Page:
Our graduates must have a firm understanding of the fundamental principles of their discipline, the knowledge to design a system, component, or process to meet desired ends, and an ability to adapt innovative, ethical solutions to the problems of society. Because engineering and applied science graduates enjoy a broad range of career opportunities, it is also important that they understand research methods, have the ability to integrate broad interdisciplinary considerations and the confidence to pursue new professional activities. They must be capable of both working in teams and leading them. In addition, they must be skilled in oral and written communication, and the use of computer tools and laboratory instruments appropriate to their discipline. Above all, they should acquire self-study habits in order to have a rich, life-long learning experience.
While most of our graduates move directly into professional careers in industry and government, many others seek further academic preparation for careers as Ph.D. researchers or university faculty in engineering and applied science. Some use the degree to prepare for graduate programs in other areas such as M.B.A. programs, law school and medical school. The Office of the Dean welcomes inquiries from prospective applicants by phone or letter on career possibilities, program options, high school preparation, and other questions.
The growth of applied science into a learned profession was anticipated in the founding of the University. As early as 1825 the Rector and Visitors formally indicated that instruction in military and civil architecture would be a part of the education program of the University. Such courses were offered starting in 1827. Notable members of the early engineering staff were Charles Bonnycastle, trained in military engineering in England, and William Barton Rogers, later co-founder of the Massachusetts Institute of Technology. Engineering instruction was not sought widely by young men in the predominantly agricultural South, however, and by 1850 it was announced that the engineering program would be discontinued.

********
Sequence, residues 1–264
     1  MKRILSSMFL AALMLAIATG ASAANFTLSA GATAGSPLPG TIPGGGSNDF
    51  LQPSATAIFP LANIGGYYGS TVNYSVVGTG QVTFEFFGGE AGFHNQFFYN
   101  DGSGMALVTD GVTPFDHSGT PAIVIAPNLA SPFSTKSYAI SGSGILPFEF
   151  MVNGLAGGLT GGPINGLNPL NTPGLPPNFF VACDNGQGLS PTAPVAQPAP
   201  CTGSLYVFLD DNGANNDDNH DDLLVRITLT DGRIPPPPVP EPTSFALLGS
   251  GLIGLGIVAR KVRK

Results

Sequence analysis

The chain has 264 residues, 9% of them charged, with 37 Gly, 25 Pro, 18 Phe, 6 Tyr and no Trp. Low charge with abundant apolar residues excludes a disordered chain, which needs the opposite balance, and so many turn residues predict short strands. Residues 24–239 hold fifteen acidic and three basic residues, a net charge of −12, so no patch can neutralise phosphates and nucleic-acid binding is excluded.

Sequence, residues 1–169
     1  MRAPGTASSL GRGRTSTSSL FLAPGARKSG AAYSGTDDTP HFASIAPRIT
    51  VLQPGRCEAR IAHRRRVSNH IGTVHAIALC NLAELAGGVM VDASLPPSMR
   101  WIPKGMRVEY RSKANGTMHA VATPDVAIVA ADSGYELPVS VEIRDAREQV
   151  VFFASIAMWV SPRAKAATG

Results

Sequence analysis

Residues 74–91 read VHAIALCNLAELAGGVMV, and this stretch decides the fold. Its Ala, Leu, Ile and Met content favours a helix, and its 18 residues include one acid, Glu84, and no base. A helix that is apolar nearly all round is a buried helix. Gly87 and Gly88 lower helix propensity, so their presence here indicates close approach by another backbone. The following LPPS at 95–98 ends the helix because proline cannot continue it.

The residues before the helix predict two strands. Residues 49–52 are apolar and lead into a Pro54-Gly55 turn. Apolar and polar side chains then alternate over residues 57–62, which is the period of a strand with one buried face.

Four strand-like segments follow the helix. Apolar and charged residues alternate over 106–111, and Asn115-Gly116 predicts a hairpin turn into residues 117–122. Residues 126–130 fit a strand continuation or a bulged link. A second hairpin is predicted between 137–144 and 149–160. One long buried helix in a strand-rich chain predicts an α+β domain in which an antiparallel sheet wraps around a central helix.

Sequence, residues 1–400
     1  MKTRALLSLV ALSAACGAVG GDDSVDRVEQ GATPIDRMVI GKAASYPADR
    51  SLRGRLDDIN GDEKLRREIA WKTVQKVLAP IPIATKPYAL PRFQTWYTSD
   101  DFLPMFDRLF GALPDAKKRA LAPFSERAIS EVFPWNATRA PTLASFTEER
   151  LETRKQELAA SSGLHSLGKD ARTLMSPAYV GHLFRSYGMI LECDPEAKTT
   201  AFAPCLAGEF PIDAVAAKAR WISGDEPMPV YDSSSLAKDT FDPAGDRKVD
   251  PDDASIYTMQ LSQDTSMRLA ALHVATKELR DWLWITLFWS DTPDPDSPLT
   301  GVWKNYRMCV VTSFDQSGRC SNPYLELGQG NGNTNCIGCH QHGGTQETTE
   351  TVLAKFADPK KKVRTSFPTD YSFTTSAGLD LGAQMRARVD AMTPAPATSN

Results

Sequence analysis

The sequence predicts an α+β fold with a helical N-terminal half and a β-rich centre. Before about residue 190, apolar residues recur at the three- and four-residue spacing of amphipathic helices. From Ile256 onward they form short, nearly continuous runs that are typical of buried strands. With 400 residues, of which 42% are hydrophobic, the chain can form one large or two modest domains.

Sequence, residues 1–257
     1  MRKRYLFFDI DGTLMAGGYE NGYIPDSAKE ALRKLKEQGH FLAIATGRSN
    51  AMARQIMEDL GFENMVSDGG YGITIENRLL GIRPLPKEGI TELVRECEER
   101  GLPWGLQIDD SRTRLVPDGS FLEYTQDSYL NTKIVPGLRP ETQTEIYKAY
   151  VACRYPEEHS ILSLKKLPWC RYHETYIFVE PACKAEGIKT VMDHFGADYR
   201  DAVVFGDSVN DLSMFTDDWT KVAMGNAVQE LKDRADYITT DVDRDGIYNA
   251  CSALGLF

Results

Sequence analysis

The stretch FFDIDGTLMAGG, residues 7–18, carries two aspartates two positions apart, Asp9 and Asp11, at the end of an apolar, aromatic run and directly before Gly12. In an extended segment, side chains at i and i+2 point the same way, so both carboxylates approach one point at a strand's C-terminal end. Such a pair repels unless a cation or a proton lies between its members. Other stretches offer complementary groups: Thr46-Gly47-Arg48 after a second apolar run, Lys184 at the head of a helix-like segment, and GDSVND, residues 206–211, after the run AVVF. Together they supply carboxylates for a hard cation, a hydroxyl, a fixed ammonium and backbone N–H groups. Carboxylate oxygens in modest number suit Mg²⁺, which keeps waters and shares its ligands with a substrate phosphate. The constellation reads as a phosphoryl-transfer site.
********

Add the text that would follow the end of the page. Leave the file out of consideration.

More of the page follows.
A new and more successful beginning was made in 1865 under the direction of Professor Charles Scott Venable, and by 1869 the University awarded its first degrees in engineering. Instruction was offered in civil and mining engineering until the session of 1881-1882, when engineering became a professional department. William Mynn Thornton became the first Dean of Engineering in 1905. Three new degree programs were added under Thornton's leadership: mechanical engineering in 1891, electrical engineering in 1897, and chemical engineering in 1908.
Between World War I and World War II the engineering curricula were revised and strengthened to provide a broader program of studies, including the humanities. During both wars the School offered engineering instruction to members of the armed forces, and ROTC programs for the Navy, Army and Air Force were introduced during and after World War II.